Written by: Natalie Henderson, Marketing associate @blueland
We see a lot of products with the label “biodegradable”, but what does that really mean? Biodegradable is a broad term that refers to how a substance will break down at the end of its use. Some biodegradable materials can break down completely into compost while others will break down slowly and can leave pieces of the original substance behind. It can be confusing to understand what materials and products you can compost, versus what materials are going to biodegrade in a landfill. It’s important to know how your products will break down so you can dispose of them properly. We’ll explain the difference.
What Does Biodegradable Mean?
Biodegradable means that a substance will breakdown naturally. Materials can biodegrade with or without oxygen depending on the product and its specific biodegradation requirements. Things biodegrade with the help of microorganisms, fungi and bacteria that help the biodegradable waste break down into carbon dioxide, water, biomass and in some cases, methane gas. The tricky part about biodegradable materials is that there is no time limit. A product can be considered biodegradable if it will break down in two weeks, two months, two years or twenty years. So, when you buy a product that is biodegradable, it is important to know what conditions are best for the product to biodegrade sustainably.
What Is The Difference Between Aerobic And Anaerobic Degredation?
There are also two ways for a material to biodegrade: aerobically or anaerobically. When something biodegrades aerobically, it degrades in the presence of oxygen and other nutrients. The microbes that are present during aerobic degradation consume biodegradable waste completely and release water and some carbon dioxide. Materials that have been aerobically biodegraded usually go back into the earth and soil.
When a material biodegrades anaerobically it does so without oxygen. This process releases gasses like methane and carbon dioxide. When biodegradable materials break down in a landfill environment, they break down through anaerobic biodegradation. This process is much slower than aerobic biodegradation. Without oxygen and optimal conditions for decomposition, like moisture and other nutrients, items in a landfill will sit for years without breaking down. When they do eventually start to biodegrade, methane gas and carbon dioxide is released. Methane and carbon dioxide are greenhouse gasses that contribute significantly to climate change, especially methane.
What Does Compostable Mean?
Compostable materials will break down completely into organic material and become compost. Compost is broken down materials, typically in the form of food scraps, yard waste, paper, or cardboard that can be repurposed and used as a soil fertilizer. When something is composted, it does not leave anything behind. Composting is typically done through aerobic biodegradation, meaning oxygen is present. When your items break down aerobically, they will not release methane. Instead, composted material can go back into the earth as natural soil fertilizer.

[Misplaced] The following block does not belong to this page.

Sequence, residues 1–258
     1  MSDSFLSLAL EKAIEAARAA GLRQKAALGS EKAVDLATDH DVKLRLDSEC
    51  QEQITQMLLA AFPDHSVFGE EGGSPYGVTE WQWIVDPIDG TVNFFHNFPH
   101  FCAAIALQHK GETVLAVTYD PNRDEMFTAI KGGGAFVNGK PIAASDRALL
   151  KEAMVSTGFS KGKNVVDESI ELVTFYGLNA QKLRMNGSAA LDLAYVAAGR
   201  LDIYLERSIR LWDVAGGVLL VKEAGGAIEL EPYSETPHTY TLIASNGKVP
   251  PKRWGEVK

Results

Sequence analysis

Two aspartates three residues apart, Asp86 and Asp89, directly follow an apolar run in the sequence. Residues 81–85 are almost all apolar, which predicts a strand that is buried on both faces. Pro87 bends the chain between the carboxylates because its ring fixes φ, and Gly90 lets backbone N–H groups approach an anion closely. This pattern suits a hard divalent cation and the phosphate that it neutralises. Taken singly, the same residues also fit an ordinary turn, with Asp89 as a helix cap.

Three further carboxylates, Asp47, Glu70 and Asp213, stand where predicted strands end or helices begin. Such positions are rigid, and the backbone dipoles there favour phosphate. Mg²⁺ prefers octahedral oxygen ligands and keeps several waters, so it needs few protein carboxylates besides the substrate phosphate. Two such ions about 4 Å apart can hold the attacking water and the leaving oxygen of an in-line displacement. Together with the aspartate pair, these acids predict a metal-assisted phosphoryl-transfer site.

There are items that are at-home compostable and items that need to be commercially composted. Make sure you read the labels to know the difference. If something is at-home compostable you can put it in your normal compost pile or drop it off to a local composting facility. That is not the case for all consumer items. There are many consumer products that need to be commercially composted because of the conditions necessary for the item to completely break down. For example, some items need to be heated more than your normal compost pile would be in order to break down completely.
What’s The Difference Between Compostable and Biodegradable?
The differences between biodegradable products and compostable materials is difficult to parse out. All compostable materials are biodegradable, but not all biodegradable materials are compostable. For something to be compostable it has to break down completely, and it typically does so within 60—90 days. Composting needs to have enough water and nutrients for the microorganisms to break down waste properly.
Some biodegradable materials can be composted and break down with aerobic biodegradation. For example, if you dispose of food waste like fruit or vegetable peels in a compost environment, they will break down completely into nutrients that can return directly to soil. But some materials cannot be composted or fail to be composted, and will instead end up in a landfill. For example, biodegradable plastics will break down eventually, but most will turn into compost in a typical compost environment. At home compost cannot heat the plastic enough for it to become compost. If a compostable item like food waste or paper fails to be composted, it will also go to a landfill where it will be forced to biodegrade without oxygen. Materials that end up in a landfill will take a very long time to degrade and can release methane and carbon dioxide gas when they do finally break down.
So, when you buy something that says, “biodegradable”, make sure you really understand what that means. Can your item be composted to turn back to soil, or will it end up in a landfill eventually producing greenhouse gasses? We recommend asking the brands you purchase products from to ensure you know how to best dispose of your products.